Airports closed as Europe shivers in fresh snowfalls

1st December 2010, Comments 0 comments

More heavy snowfalls forced the closure of some of Europe's busiest airports and chaos on the roads Wednesday as forecasters warned there would be no let-up in the freezing temperatures until next week.

Temperatures dropped to as low as minus 18 degrees Celsius (minus 0.4 degrees Fahrenheit) in some parts of Germany, while driving rain in Italy triggered the collapse of two Roman walls in Pompeii and flooding in Venice.

Britain, shivering in the earliest widespread snowfalls of winter since 1993, was one of the countries worst affected with two of its major transport hubs scrapping all flights.

London's Gatwick Airport, Europe's eighth busiest passenger air hub, was shut until at least 0600 GMT Thursday as staff worked to clear the two runways. Edinburgh Airport, Scotland's busiest, was also shut due to heavy snow showers.

A spokeswoman for Gatwick said they had about six inches (15 centimetres) of snow to clear.

"We brought in extra people to try to clear the runway. We had a vast army of people. But as fast as they were clearing the snow, the quicker it settled again," she said.

Heavy snowfall also forced the closure of Geneva International Airport where around 100 stranded passengers had to spend the night in the terminal while 200 others were sheltered by the civil protection unit as hotels were fully booked.

Around 60 flights at Frankfurt airport, Europe's third busiest, were cancelled as the number of takeoffs on one of the airport's runways had to be reduced because of high winds. On Tuesday almost 300 flights were scrapped.

Snow and freezing temperatures also forced French aviation authorities to cancel 116 flights from Lyon airport.

There were similar widespread problems on the roads in large parts of western Europe.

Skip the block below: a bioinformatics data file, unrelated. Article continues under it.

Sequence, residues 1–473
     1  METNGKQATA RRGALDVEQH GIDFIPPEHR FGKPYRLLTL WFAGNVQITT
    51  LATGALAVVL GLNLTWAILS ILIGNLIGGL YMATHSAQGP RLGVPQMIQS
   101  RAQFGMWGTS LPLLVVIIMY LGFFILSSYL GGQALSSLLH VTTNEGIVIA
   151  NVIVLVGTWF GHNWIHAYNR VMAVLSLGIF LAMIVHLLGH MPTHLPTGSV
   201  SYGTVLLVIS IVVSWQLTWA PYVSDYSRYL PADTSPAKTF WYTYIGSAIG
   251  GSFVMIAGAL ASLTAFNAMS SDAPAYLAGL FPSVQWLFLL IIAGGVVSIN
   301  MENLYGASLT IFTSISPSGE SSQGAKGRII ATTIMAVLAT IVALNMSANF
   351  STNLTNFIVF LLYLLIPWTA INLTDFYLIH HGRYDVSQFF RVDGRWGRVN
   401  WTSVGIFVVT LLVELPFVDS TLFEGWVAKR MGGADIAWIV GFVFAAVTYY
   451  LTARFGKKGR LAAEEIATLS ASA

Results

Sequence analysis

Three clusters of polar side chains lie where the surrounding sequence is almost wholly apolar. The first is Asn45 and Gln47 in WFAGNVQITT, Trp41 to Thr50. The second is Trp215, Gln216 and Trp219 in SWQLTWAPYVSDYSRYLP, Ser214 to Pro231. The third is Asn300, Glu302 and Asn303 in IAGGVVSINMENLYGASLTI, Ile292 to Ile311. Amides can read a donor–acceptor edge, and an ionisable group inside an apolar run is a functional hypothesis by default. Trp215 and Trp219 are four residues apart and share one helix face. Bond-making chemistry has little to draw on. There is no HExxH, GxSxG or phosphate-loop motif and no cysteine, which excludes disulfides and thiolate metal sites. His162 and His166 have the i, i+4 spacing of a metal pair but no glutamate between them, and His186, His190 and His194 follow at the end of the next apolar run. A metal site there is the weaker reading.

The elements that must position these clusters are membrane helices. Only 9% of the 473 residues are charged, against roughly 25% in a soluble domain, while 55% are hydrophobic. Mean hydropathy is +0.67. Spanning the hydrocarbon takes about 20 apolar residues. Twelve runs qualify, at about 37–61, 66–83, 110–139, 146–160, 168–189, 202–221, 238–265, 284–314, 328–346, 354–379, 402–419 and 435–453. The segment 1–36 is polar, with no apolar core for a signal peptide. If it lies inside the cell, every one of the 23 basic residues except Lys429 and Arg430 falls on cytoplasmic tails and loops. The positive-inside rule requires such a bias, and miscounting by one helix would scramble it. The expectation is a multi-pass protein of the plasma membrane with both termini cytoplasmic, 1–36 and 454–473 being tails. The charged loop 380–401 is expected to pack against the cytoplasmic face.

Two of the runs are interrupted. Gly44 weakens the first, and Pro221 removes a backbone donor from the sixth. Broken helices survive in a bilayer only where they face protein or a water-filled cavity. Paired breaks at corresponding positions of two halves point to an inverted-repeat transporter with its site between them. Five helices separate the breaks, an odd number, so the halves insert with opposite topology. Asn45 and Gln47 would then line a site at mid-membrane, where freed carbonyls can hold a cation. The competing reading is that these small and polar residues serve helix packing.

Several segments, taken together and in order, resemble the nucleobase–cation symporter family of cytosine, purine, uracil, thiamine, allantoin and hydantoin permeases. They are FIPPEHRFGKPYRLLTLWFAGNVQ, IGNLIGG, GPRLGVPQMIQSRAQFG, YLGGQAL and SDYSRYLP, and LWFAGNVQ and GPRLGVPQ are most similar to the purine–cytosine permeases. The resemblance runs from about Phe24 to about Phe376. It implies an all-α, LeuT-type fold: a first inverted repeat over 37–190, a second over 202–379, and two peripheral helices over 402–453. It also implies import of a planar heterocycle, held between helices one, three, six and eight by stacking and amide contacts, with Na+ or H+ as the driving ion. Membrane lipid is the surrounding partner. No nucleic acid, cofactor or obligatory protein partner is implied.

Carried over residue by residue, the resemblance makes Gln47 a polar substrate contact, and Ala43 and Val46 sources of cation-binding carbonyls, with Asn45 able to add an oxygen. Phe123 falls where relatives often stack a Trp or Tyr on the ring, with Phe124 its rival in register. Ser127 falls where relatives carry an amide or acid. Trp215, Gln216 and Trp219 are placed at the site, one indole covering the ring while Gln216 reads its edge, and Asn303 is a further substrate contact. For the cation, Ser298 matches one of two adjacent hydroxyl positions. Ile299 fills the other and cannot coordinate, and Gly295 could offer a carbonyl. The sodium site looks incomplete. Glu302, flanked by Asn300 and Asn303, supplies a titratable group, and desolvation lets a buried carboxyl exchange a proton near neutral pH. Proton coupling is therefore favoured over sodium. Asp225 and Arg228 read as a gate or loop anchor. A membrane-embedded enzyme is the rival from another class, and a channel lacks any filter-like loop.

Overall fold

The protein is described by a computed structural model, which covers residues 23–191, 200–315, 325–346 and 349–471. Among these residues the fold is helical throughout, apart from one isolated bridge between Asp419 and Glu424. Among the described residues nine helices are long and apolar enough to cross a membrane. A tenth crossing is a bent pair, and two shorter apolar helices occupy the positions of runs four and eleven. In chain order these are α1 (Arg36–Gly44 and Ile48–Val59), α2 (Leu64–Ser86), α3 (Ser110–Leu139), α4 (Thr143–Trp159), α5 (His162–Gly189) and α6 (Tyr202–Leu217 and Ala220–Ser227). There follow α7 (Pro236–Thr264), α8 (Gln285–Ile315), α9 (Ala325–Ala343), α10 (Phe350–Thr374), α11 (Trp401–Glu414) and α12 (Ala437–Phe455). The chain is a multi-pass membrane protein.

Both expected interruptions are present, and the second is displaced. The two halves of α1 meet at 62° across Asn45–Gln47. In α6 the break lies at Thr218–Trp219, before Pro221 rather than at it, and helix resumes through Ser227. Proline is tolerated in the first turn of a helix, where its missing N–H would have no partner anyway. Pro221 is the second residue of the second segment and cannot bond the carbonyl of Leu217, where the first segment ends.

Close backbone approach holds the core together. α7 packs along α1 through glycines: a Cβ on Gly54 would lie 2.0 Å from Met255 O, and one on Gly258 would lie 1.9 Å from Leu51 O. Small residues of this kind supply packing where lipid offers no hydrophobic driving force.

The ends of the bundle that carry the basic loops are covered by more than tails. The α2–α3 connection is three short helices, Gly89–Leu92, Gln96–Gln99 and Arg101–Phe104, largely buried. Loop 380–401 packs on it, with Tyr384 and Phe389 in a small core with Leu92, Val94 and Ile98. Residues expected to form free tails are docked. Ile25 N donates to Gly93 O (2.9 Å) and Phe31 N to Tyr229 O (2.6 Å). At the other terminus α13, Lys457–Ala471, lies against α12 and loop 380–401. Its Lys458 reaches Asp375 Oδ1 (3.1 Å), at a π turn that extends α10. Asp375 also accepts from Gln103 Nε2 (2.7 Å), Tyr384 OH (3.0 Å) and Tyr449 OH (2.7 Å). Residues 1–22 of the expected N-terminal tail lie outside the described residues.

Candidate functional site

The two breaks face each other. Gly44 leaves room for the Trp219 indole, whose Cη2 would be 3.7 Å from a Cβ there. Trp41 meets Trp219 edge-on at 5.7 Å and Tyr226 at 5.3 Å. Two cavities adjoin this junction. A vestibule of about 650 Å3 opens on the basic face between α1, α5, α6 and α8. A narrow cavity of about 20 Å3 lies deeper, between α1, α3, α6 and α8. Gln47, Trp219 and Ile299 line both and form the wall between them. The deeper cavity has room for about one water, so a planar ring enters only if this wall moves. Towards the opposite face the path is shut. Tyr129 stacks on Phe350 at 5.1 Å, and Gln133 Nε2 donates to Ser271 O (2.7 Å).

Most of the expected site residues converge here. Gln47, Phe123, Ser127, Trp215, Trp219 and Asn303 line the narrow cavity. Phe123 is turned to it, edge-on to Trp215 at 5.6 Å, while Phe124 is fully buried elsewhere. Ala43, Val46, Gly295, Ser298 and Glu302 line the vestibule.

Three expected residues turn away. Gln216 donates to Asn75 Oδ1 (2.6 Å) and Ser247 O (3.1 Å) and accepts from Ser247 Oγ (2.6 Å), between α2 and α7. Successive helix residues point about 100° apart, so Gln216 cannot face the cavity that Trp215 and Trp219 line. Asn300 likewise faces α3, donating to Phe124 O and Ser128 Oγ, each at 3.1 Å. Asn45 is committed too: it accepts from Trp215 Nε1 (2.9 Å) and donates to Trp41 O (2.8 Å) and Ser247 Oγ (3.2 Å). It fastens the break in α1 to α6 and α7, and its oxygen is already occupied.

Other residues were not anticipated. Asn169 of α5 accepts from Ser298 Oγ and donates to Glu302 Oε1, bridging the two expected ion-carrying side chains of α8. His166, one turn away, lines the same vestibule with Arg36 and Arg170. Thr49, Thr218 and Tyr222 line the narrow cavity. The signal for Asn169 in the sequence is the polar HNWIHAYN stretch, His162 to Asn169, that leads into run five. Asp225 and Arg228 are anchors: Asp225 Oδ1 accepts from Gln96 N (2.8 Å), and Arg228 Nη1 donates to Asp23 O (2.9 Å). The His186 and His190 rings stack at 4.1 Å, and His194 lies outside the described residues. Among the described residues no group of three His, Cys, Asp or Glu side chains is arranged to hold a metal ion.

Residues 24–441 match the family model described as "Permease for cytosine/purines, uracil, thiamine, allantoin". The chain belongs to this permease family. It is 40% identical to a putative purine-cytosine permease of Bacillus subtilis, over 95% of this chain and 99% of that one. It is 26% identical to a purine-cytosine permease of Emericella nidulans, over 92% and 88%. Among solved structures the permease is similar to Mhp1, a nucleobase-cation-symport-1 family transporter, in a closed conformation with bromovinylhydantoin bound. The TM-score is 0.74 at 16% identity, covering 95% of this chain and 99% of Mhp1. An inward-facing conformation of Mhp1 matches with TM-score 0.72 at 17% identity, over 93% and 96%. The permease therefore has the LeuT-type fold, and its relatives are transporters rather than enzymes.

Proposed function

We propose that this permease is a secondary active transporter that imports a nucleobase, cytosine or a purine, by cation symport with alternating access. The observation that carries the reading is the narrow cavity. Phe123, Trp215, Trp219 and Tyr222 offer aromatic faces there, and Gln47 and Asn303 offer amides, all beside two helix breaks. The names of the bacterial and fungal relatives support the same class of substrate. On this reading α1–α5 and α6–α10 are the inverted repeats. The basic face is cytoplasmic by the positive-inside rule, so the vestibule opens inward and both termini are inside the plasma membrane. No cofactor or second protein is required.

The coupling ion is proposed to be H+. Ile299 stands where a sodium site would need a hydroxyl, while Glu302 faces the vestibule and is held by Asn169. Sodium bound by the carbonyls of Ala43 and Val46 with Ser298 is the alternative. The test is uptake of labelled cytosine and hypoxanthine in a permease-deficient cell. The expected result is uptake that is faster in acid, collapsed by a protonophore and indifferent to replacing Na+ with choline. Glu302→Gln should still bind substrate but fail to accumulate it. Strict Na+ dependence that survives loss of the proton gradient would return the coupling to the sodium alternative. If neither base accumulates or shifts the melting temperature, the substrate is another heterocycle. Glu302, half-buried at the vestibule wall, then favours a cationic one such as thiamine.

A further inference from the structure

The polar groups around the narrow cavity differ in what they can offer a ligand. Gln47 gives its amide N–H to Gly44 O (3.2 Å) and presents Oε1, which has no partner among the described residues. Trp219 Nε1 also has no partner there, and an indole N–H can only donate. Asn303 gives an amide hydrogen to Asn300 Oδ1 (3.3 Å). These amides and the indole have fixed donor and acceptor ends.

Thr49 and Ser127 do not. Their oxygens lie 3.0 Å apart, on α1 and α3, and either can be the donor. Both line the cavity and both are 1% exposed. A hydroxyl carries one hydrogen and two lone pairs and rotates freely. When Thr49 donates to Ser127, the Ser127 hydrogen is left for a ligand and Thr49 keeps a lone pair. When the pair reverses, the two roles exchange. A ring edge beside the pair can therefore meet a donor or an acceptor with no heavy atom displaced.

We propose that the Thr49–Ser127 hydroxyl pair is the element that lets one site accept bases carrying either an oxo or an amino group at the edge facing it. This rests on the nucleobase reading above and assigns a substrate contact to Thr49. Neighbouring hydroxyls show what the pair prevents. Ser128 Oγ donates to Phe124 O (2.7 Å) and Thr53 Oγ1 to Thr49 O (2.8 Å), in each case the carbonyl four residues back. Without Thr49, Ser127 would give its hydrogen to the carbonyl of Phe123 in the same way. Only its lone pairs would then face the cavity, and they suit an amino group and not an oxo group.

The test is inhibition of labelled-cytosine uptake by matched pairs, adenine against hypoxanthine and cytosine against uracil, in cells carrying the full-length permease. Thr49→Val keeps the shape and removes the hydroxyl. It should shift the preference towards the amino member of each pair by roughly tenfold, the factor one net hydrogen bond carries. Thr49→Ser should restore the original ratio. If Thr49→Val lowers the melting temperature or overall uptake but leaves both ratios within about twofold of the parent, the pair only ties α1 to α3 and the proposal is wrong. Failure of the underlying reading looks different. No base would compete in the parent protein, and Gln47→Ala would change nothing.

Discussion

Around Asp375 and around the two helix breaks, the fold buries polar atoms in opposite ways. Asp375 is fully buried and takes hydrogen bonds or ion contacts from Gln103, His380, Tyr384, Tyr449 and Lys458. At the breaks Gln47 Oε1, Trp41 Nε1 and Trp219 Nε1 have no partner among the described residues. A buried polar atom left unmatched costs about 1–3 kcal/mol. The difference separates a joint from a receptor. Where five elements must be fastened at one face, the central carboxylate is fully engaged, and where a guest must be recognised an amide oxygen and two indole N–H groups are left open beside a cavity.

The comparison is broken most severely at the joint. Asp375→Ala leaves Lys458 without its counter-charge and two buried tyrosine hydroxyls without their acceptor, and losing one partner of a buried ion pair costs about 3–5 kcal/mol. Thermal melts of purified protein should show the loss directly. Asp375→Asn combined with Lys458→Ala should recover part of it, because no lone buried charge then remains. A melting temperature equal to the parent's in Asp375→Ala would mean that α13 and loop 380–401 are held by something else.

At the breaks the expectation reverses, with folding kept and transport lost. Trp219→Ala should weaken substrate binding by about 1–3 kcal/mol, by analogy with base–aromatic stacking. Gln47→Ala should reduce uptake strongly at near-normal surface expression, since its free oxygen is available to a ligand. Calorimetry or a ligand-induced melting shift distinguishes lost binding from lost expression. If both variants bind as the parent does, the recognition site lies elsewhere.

Part of the M25, the London orbital motorway, was shut while there were severe delays on the M1 and A1 main routes linking London with the north.

In Scotland, the Forth Road Bridge connecting Edinburgh with the north was closed.

In Italy, snowfalls disrupted traffic in city centres and on motorways in the northern Lombardy and Piedmont regions, while in Emilia-Romagna the Civil Protection Agency issued a bad weather warning until Wednesday evening.

Snowdrifts and fallen trees also caused traffic problems in Germany as well as schools closures in parts of the northern state of Schleswig-Holstein.

The Bild daily said that it was the coldest December 1 in several hundred years, with temperatures as low as minus 18 degrees Celsius (minus 0.4 degrees Fahrenheit) in some places.

The mercury fell in even lower in parts of Scotland with an overnight low of minus 19.8 degrees Celsius (minus 3.6 degrees Fahrenheit) recorded in Altnaharra in the Highlands.

Temperatures were expected to remain below freezing across Scotland on Wednesday and forecasters warned more snow would blanket Britain over the weekend as hundreds of schools remained closed.

Eurostar, which operates high-speed passenger trains linking London with Paris and Brussels, said precautionary speed restrictions would result in delays, with the knock-on effect that some services would be cancelled.

Two trains between London and Brussels and four between London and Paris were scrapped, with further cancellations planned for Thursday.

Across the country, train services between major cities like Liverpool and Sheffield were unable to run, while commuter services into London were also facing severe disruption.

As well as the snow, other parts of Europe were lashed by heavy rainfall.

Tourists in Venice had to don their gumboots as the city was flooded while a flood warning was issued in Rome.

Further south, two ancient Roman walls fell down in the archaeological site of Pompeii due to persistently heavy rains which have lashed the site in recent weeks, wearing away the ancient mortar between the stones.

The latest incident follows the collapse of a twelve-metre (40-foot) -long wall on Tuesday and the cave-in of a frescoed house last month.


© 2010 AFP

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